Job’s greatest dilemma was that he couldn’t defend himself. He knew he was innocent. He knew he had done nothing that would have led to this kind of suffering. But how could he prove it. Who was he to argue with God. If he tried, even his words condemn him. He would say something he would regret. How do you argue with a God you can’t even see? How do you stop God from doing what He wants to do? God is just and can do whatever He wants to do. And because He is just, whatever He does is always right. So if God IS doing this to Job, then He must be right and Job must be wrong. But Job knows he is innocent. Do you see his point of frustration? Even if Job accepts his lot in life and puts on a happy face, his friends will never let him live in peace. “Even if I say, ‘I’ll put all this behind me, I’ll look on the bright side and force a smile,’ All these troubles would still be like grit in my gut since it’s clear you’re not going to let up” (Job 9:27-28 MSG).

So what is Job supposed to do? How is he supposed to respond. He appeals to the mercy of God. “I can only throw myself on the Judge’s mercy” (Job 9:15 MSG). Rather than argue with God, he trusts IN God. Rather than defend himself, he decides to let God defend him. Job turns to God as his merciful judge.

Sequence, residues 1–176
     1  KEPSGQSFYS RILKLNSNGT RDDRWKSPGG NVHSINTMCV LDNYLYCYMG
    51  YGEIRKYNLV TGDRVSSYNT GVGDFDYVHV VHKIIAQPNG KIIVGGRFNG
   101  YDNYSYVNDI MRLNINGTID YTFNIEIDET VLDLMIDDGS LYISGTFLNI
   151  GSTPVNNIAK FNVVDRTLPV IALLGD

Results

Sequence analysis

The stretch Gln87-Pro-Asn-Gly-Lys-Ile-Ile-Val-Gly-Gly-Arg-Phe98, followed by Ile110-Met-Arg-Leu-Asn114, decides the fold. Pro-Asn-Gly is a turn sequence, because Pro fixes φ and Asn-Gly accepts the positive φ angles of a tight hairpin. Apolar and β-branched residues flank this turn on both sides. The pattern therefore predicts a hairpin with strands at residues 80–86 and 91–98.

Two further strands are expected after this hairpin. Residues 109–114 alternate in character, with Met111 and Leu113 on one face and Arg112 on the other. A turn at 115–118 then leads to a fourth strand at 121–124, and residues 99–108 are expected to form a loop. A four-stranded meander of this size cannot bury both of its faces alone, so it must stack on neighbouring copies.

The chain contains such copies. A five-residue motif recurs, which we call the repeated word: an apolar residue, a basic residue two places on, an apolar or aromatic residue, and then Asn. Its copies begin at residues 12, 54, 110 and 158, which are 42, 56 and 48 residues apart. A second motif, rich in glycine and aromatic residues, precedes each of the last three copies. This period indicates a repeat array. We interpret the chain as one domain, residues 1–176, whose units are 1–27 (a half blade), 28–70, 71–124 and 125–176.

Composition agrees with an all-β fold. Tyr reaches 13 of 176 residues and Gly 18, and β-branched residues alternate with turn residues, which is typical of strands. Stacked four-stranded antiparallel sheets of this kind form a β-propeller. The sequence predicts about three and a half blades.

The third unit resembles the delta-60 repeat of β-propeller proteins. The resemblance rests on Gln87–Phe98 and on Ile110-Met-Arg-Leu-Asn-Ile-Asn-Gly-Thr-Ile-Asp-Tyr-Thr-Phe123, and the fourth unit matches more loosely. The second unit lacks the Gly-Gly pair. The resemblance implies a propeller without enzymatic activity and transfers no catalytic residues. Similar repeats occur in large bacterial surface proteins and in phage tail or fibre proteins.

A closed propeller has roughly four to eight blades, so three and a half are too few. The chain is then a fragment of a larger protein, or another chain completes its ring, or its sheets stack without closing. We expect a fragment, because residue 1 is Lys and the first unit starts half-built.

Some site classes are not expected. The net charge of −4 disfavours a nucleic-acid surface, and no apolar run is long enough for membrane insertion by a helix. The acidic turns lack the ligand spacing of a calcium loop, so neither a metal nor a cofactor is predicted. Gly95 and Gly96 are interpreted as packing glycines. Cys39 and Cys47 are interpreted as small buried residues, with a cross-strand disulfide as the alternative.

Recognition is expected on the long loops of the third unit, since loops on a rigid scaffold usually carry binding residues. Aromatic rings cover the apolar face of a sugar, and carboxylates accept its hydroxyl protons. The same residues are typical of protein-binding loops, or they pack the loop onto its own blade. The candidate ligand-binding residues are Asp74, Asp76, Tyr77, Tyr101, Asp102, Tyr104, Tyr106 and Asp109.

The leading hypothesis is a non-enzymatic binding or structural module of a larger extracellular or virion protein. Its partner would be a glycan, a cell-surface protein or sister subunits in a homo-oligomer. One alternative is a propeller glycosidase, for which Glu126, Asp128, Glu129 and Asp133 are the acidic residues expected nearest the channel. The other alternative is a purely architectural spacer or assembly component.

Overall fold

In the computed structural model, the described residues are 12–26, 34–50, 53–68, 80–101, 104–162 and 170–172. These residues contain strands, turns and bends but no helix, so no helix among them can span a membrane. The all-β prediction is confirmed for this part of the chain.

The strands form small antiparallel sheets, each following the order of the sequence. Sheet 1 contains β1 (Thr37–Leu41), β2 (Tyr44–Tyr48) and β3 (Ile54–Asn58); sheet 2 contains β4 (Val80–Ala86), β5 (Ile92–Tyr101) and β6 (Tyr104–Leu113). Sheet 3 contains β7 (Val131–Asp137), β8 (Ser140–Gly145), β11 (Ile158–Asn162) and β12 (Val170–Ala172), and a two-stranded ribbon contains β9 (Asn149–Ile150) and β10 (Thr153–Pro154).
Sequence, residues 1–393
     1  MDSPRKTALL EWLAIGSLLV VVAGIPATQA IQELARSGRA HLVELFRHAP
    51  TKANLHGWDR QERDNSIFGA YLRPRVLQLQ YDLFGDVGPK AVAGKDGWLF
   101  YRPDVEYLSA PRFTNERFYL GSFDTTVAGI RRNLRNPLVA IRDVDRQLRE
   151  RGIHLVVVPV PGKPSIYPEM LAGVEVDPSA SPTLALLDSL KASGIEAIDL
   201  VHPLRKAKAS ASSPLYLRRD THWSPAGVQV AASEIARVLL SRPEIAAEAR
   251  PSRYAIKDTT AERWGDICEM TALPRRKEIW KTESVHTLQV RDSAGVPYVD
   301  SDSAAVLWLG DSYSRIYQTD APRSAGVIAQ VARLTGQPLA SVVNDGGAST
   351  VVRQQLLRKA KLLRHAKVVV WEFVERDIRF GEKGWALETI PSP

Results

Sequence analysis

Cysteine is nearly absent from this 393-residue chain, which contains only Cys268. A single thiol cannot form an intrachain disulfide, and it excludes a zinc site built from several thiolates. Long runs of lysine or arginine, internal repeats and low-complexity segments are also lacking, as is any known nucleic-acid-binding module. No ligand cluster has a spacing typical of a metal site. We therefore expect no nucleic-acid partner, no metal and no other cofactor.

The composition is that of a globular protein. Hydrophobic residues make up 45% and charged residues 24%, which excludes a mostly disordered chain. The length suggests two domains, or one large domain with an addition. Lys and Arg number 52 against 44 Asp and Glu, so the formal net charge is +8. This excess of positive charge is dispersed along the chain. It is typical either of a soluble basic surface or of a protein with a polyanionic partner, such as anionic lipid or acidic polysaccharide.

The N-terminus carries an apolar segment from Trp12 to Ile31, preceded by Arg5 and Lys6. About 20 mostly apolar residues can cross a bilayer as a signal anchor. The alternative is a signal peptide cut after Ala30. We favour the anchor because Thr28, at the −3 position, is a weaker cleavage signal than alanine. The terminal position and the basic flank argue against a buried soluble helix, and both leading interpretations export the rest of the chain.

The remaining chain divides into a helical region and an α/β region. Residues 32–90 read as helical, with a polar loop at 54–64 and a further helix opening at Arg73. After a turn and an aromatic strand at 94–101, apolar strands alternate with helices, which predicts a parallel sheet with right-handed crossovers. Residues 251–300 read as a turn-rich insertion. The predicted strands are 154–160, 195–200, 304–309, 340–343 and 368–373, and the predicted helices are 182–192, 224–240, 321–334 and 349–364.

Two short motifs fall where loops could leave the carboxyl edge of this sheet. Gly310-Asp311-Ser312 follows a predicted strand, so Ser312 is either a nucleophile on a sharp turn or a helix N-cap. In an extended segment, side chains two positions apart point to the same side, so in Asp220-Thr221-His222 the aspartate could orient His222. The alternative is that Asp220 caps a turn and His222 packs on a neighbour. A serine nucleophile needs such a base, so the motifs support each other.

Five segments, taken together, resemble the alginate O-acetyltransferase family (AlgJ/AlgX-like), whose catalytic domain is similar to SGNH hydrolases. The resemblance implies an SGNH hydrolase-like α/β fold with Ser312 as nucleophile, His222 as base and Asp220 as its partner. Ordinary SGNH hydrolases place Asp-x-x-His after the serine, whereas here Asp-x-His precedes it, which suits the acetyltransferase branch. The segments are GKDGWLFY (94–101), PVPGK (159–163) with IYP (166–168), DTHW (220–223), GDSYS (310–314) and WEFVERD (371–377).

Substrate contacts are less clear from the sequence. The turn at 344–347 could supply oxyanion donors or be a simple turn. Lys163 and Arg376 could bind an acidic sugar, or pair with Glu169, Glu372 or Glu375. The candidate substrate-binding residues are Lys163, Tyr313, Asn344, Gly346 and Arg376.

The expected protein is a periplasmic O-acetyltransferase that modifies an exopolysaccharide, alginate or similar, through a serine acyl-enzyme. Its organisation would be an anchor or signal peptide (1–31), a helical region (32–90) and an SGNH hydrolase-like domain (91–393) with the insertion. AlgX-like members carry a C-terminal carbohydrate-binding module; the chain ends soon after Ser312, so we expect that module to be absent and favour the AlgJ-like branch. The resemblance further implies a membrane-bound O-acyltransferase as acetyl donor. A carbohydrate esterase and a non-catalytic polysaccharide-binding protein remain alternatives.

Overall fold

…though he is a just God, and a righteous Judge, yet a Saviour; and it is one of the privileges of his people that they can come to him, not only as the God of all grace, and as their God and Father in Christ, but to him as to God the Judge of all, and lay their case before him, and entreat his protection; and this Job chose to do rather than contend with him. – The New John Gill Exposition of the Entire Bible

So what do we do in times of difficulty? Do we turn to God as our righteous, yet merciful God? Do we appeal to His mercy and “entreat His protection”? Or do we try to contend with Him? Job was worn out from suffering. He was beat down from his friends’ words of wisdom. He knew he would lose a war of words with God. So he simply decided to turn to God as his ultimate judge. He knew God was righteous, but he also knew God was merciful. He could trust Him.

Father, life has a way of throwing us curve balls. It doesn’t always work out the way I think it should. We live in a fallen world and are surrounded by sinful people. I sometimes screw up my own life and reap the results of my own stupidity and sinfulness. But I can always come to You as my righteous and merciful judge. And I can rest in the fact that I have someone Who stands before You as my representative – Jesus Christ Himself (Romans 8:34). Thank You for allowing me to come before You. Thank You for Your mercy. Amen

Ken Miller